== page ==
After finding a way through the often >4 m thick multiyear sea ice of the Lincoln Sea off Northwestern Greenland, we entered the Sherard Osborn Fjord by the evening of August 11. We had to carefully survey the seafloor using the multibeam echosounder installed on Oden in order to reach further into the fjord. The icebreaker drafts >8 m and weighs >10,000-ton and we did not intend to run aground! We had to drive a sinuous path allowing the outer beams of the multibeam sonar to “look ahead” of the icebreaker and determine if the depths were navigable. The geophysical mapping team consisted of six surveyors from the Center for Coastal and Ocean Mapping (CCOM), University of New Hampshire and the Department of Geological Sciences, Stockholm University. The team was led by Dr Brian Calder from CCOM, developer of the CUBE algorithm now an integral part of Qimera. It was critical that the multibeam data were processed more or less instantly after it was logged because the seafloor shape and depth are key parameters for deciding optimal sampling sites. Qimera formed the core of the processing chain. The concept of dynamic surfaces was particularly useful in this application as we often had to leave an area partly mapped and return to finish it later. The multibeam team worked in two-four hour shifts per day, with one surveyor assigned to the logging and one to the processing. The Ryder 2019 Expedition mode of operation was to map during the night and carry out sampling range of sampling operations (coring, water sampling, biological sampling, etc.)  during the day. In addition, we had numerous land-based scientific programs  (ecology, archeology, lake sampling, sea level studies, wood sampling, etc.) calling for almost daily, multiple helicopter flights to surrounding field areas.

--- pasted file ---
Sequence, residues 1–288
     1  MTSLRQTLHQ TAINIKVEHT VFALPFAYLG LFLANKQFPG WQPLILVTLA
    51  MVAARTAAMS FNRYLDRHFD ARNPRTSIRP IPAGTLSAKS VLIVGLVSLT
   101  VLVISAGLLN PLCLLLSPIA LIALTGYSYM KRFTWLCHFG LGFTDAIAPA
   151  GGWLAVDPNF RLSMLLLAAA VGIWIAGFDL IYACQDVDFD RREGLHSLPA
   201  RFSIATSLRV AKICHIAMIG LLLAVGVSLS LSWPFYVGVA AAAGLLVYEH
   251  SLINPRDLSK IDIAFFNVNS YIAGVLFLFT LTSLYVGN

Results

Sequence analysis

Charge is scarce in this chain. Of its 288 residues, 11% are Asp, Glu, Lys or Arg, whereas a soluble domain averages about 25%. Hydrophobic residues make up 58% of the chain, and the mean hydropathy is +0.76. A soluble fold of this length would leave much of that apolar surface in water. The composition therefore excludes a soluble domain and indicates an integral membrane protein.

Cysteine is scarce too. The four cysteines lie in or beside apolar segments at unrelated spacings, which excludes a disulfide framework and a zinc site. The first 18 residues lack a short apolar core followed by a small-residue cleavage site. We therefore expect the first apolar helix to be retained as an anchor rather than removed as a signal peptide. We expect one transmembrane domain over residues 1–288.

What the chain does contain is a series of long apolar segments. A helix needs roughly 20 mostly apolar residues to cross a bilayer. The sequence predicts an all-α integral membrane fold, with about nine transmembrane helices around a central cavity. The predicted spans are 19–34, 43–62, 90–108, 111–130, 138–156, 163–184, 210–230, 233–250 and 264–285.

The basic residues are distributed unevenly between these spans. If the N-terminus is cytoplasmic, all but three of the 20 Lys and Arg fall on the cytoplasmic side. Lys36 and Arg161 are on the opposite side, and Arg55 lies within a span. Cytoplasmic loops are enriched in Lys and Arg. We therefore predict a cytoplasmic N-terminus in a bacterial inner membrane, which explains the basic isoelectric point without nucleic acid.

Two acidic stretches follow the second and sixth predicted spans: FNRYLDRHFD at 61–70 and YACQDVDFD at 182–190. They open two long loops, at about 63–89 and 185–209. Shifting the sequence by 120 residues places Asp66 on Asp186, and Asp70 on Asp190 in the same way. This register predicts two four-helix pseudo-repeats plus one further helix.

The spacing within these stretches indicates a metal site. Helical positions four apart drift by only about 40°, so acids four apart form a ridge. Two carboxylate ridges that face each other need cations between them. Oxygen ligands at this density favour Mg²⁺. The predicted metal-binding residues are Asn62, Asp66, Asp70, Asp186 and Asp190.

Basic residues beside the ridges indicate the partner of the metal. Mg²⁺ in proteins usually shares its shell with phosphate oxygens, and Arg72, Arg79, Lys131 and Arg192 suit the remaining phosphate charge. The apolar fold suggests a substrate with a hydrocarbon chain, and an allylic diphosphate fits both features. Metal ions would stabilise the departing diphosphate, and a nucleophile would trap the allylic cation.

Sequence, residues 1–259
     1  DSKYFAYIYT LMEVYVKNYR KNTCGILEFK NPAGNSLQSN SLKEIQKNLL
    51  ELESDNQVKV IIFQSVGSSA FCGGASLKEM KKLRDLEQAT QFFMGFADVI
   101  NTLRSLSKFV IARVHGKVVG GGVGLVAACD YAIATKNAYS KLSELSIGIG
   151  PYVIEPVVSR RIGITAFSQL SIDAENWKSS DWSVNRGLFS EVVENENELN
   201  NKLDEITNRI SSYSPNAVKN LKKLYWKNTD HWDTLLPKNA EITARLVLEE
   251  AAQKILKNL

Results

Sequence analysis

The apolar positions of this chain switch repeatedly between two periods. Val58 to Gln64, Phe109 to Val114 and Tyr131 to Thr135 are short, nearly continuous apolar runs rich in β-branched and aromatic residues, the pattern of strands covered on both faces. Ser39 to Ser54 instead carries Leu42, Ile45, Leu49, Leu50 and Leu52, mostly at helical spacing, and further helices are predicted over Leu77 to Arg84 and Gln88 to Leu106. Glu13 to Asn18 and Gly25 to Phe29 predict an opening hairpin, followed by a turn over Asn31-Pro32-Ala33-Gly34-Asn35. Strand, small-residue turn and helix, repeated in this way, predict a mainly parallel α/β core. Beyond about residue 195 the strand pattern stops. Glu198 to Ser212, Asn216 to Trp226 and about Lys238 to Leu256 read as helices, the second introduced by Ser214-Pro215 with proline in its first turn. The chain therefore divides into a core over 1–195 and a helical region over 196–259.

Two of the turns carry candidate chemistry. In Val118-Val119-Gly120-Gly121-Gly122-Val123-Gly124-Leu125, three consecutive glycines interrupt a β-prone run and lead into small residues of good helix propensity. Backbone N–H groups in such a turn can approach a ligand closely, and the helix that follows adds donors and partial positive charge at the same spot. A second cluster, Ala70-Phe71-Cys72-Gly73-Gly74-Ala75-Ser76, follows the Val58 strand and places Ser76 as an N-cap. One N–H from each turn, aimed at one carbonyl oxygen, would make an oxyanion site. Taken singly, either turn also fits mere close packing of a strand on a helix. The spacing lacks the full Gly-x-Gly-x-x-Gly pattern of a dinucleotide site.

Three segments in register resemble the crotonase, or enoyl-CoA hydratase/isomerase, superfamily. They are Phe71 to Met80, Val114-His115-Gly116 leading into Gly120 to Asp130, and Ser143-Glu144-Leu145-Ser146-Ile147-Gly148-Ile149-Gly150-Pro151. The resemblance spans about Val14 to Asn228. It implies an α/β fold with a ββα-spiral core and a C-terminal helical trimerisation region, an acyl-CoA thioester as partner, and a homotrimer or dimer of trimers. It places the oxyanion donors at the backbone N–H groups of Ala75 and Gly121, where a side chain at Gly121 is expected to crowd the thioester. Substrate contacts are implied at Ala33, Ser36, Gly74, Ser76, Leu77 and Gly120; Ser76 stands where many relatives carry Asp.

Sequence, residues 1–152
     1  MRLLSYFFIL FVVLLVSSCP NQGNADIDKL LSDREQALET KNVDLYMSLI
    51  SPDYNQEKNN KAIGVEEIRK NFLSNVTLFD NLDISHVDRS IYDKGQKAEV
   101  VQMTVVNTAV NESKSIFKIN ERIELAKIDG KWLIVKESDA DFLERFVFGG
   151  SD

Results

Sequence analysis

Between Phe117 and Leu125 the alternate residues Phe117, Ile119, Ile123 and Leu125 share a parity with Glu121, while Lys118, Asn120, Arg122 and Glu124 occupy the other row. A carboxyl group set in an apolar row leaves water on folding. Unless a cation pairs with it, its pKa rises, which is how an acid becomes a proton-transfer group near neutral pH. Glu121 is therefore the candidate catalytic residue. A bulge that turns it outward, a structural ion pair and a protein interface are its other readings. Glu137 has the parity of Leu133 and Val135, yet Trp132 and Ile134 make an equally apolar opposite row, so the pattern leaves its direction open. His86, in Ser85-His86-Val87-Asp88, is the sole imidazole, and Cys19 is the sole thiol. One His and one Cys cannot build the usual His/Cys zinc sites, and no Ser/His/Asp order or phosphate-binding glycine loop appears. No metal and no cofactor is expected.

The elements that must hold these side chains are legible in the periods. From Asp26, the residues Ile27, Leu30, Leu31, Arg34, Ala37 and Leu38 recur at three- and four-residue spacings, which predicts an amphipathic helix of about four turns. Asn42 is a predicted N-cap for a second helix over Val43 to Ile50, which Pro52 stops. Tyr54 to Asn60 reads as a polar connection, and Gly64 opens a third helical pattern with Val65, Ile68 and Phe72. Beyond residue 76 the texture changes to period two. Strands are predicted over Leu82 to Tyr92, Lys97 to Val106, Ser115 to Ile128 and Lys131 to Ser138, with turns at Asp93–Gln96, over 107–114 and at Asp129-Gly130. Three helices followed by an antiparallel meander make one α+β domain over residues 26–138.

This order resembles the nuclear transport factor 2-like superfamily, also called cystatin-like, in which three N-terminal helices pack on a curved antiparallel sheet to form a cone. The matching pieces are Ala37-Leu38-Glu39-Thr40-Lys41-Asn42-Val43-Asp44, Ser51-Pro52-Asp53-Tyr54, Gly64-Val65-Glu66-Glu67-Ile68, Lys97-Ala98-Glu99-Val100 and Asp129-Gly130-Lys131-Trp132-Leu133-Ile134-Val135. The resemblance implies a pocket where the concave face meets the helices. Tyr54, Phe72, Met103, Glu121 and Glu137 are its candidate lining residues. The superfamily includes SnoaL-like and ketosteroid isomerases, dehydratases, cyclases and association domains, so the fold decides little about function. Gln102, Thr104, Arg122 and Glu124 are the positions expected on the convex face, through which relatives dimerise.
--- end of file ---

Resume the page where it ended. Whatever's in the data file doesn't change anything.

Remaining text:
It was critical that the multibeam data were processed more or less instantly after it was logged because the seafloor shape and depth are key parameters for deciding optimal sampling sites. Qimera formed the core of the processing chain.